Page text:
Workers being double-jabbed before returning to the office is a “good idea” but will not be a legal requirement, a Cabinet minister has said, as he ruled out Covid passports for pubs and shops.
The Transport Secretary, Grant Shapps, said some companies will require their staff to be fully vaccinated but that the Government will not make it legislation.
It comes as Covid infections in households across most of the UK rose, reaching their highest level in England and Northern Ireland since the end of January.
The only part of the UK to see a fall was Scotland, according to the Office for National Statistics estimates which provide a snapshot of the level of infection for the week to July 24.
The Government has faced demands to recall Parliament amid concerns Covid vaccine passports have been introduced by “stealth” via the NHS app.
A tweak to the wording on the NHS Covid Pass section has raised concerns, as it now includes a “domestic” section, which states: “You may need to show your NHS Covid Pass at places that have chosen to use the service.”
“We will for very close contact things like going to nightclubs – other countries are for international travel – so I think there is precious little reason not to be vaccinated, every good reason to be vaccinated.
“Why wouldn’t we want to save lives? It’s just obvious to me.”
He said he did not know why the issue is “particularly controversial”, due to the high number of people who have already had jabs.
Asked about people having both vaccine doses before they go back to the office, Mr Shapps told Sky News: “It is a good idea and, yes, some companies will require it.
“We are not going to make that legislation that every adult has to be double-vaccinated before they go back to the office but, yes, it is a good idea and, yes, some companies will require it.”
Labour leader Sir Keir Starmer said while he can “see a case for vaccine passports”, he did not agree with a “jabs for jobs” approach.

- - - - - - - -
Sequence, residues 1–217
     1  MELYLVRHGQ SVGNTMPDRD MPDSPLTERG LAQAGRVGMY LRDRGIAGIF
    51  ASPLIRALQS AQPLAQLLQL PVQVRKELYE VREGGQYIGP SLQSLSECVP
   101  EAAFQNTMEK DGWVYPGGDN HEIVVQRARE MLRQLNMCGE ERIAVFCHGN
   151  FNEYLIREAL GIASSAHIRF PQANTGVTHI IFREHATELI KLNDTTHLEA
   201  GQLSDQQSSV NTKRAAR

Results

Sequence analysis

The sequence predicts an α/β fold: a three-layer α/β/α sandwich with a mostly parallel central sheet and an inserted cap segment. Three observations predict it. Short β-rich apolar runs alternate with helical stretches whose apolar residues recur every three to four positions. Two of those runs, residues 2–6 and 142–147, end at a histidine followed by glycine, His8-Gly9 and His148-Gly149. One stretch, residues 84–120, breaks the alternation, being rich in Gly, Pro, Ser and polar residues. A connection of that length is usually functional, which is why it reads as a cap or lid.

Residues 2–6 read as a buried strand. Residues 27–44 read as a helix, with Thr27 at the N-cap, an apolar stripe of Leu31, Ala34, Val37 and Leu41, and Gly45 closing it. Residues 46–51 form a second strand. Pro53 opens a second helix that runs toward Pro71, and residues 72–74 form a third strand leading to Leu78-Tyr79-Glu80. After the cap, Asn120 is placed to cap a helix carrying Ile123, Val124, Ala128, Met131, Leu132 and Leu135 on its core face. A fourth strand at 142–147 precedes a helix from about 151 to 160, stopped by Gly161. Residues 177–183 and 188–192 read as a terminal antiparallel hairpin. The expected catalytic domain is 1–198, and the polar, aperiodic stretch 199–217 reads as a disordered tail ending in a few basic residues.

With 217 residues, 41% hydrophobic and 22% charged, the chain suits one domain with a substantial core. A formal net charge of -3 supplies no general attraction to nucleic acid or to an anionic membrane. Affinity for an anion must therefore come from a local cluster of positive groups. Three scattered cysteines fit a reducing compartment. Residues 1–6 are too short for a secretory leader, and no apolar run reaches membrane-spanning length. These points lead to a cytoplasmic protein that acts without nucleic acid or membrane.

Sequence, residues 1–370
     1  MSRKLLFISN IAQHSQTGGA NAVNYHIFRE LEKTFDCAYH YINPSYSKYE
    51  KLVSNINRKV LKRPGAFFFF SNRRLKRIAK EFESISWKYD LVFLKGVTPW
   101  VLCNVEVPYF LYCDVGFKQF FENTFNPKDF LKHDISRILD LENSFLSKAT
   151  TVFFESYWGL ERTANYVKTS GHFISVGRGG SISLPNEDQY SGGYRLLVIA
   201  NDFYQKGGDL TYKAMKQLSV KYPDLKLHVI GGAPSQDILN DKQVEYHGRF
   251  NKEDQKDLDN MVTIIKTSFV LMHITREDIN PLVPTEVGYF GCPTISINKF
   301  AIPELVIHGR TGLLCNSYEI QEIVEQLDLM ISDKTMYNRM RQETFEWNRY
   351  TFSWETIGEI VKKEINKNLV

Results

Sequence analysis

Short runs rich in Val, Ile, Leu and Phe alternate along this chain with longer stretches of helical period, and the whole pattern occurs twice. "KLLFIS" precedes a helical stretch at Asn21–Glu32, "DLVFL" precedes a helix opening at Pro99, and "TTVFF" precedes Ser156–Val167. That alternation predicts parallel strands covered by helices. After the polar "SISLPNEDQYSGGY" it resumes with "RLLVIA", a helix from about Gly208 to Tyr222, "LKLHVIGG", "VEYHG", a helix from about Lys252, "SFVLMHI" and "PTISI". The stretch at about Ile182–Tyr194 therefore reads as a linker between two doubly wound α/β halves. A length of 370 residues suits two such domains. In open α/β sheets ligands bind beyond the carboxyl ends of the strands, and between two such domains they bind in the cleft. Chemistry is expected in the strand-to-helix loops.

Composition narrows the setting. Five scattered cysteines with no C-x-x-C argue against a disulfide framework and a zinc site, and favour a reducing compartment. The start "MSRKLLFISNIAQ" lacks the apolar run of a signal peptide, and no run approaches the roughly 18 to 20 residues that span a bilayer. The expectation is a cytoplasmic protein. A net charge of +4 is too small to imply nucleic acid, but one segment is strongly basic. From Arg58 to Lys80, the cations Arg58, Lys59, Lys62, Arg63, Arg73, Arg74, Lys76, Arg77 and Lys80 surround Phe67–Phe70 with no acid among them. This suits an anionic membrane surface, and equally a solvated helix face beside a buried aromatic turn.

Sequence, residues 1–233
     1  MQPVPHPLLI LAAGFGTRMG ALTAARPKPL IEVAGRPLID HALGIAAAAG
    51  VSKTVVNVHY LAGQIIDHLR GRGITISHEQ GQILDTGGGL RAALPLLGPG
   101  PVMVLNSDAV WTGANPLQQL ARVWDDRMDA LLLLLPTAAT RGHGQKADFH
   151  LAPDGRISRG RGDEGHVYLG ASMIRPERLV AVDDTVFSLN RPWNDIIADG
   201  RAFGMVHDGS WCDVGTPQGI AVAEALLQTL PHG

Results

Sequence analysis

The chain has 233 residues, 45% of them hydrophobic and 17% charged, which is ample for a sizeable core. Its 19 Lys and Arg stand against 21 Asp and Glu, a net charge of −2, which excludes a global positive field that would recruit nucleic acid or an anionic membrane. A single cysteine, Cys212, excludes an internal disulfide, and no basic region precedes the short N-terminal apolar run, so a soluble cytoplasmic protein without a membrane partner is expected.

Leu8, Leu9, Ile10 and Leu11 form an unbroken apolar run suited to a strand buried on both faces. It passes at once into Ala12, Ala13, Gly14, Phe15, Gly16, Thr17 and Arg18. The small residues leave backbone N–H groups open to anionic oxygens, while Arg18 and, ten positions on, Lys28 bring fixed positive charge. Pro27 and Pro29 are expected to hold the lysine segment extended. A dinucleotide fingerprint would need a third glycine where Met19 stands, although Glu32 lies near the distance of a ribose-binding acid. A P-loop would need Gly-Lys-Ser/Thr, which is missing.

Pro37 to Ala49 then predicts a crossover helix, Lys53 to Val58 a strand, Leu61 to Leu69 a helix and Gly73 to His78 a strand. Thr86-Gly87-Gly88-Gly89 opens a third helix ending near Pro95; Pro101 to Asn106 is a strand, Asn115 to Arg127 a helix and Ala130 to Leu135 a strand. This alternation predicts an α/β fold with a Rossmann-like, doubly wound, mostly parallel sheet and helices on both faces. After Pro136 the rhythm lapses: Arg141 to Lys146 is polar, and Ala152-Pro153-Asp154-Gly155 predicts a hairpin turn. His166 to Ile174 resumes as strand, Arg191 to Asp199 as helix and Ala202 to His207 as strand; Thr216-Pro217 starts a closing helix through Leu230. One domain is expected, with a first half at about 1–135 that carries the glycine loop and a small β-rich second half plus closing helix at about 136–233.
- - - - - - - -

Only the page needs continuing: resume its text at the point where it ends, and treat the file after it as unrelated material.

He told broadcasters: “I can see a case for vaccine passports, alongside testing, when it comes to big sporting events or mass events, certainly for international travel.
“But for day-to-day routine – access to the office, access to health services or dentistry or even food – I don’t agree with vaccine passports for day-to-day access.”
Mr Shapps also indicated the Government is unlikely to budge on the August 16 date for people in England who are double-vaccinated no longer having to self-isolate if a contact tests positive for coronavirus, despite pressure as other nations move to drop the rule earlier.
Asked if the date is set in stone, he told Sky: “Yeah, right now that is the date. We’ll always keep these things under review but I don’t want to open up false hope for you, it’s not too far away now.”
Wales has confirmed fully vaccinated adults will not have to isolate from August 7, a change which will come into effect on the same day the nation is expected to move to alert level zero – when most coronavirus restrictions will be lifted there.
It will also advise those identified as a contact of a positive case to have a PCR test on day two and day eight, whether they are fully vaccinated or not.
Scotland is also expected to remove the need for fully vaccinated people to isolate on August 9, while Northern Ireland will review its rules on the matter on August 12.
Boris Johnson has been urged to bring forward England’s date after a rise in Covid cases led to a surge in people being “pinged” by the app, which caused disruption to several sectors and reached a recent record level of almost 700,000 alerts sent to Covid app users in England and Wales.
Some frontline workers are exempt from isolation, including those in prisons, waste collection, defence, the food industry, transport, Border Force and police and fire services.
Daily negative test results enable those eligible workers who have been alerted by the NHS Covid-19 app, or called by NHS Test and Trace as coronavirus contacts, to continue working.